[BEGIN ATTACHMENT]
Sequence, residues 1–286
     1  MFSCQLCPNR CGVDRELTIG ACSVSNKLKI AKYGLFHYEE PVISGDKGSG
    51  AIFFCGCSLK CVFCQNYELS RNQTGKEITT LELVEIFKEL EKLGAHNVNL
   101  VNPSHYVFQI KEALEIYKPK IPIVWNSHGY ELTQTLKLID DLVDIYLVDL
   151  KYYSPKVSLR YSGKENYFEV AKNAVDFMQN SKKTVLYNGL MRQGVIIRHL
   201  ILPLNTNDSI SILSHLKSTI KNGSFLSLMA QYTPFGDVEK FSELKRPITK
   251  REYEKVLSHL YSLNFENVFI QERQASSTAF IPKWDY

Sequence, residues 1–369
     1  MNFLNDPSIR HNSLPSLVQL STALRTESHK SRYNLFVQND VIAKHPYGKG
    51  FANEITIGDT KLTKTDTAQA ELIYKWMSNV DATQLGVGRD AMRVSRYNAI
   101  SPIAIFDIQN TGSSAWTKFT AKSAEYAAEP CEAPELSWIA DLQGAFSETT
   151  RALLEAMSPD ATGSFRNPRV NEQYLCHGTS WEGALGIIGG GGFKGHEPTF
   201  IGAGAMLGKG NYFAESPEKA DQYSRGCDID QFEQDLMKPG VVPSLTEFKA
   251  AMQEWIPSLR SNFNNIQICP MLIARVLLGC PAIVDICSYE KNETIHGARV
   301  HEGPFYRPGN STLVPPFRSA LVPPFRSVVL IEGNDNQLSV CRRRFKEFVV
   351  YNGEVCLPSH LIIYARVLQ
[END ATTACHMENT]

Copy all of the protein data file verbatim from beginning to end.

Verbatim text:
Sequence, residues 1–286
     1  MFSCQLCPNR CGVDRELTIG ACSVSNKLKI AKYGLFHYEE PVISGDKGSG
    51  AIFFCGCSLK CVFCQNYELS RNQTGKEITT LELVEIFKEL EKLGAHNVNL
   101  VNPSHYVFQI KEALEIYKPK IPIVWNSHGY ELTQTLKLID DLVDIYLVDL
   151  KYYSPKVSLR YSGKENYFEV AKNAVDFMQN SKKTVLYNGL MRQGVIIRHL
   201  ILPLNTNDSI SILSHLKSTI KNGSFLSLMA QYTPFGDVEK FSELKRPITK
   251  REYEKVLSHL YSLNFENVFI QERQASSTAF IPKWDY

Sequence, residues 1–369
     1  MNFLNDPSIR HNSLPSLVQL STALRTESHK SRYNLFVQND VIAKHPYGKG
    51  FANEITIGDT KLTKTDTAQA ELIYKWMSNV DATQLGVGRD AMRVSRYNAI
   101  SPIAIFDIQN TGSSAWTKFT AKSAEYAAEP CEAPELSWIA DLQGAFSETT
   151  RALLEAMSPD ATGSFRNPRV NEQYLCHGTS WEGALGIIGG GGFKGHEPTF
   201  IGAGAMLGKG NYFAESPEKA DQYSRGCDID QFEQDLMKPG VVPSLTEFKA
   251  AMQEWIPSLR SNFNNIQICP MLIARVLLGC PAIVDICSYE KNETIHGARV
   301  HEGPFYRPGN STLVPPFRSA LVPPFRSVVL IEGNDNQLSV CRRRFKEFVV
   351  YNGEVCLPSH LIIYARVLQ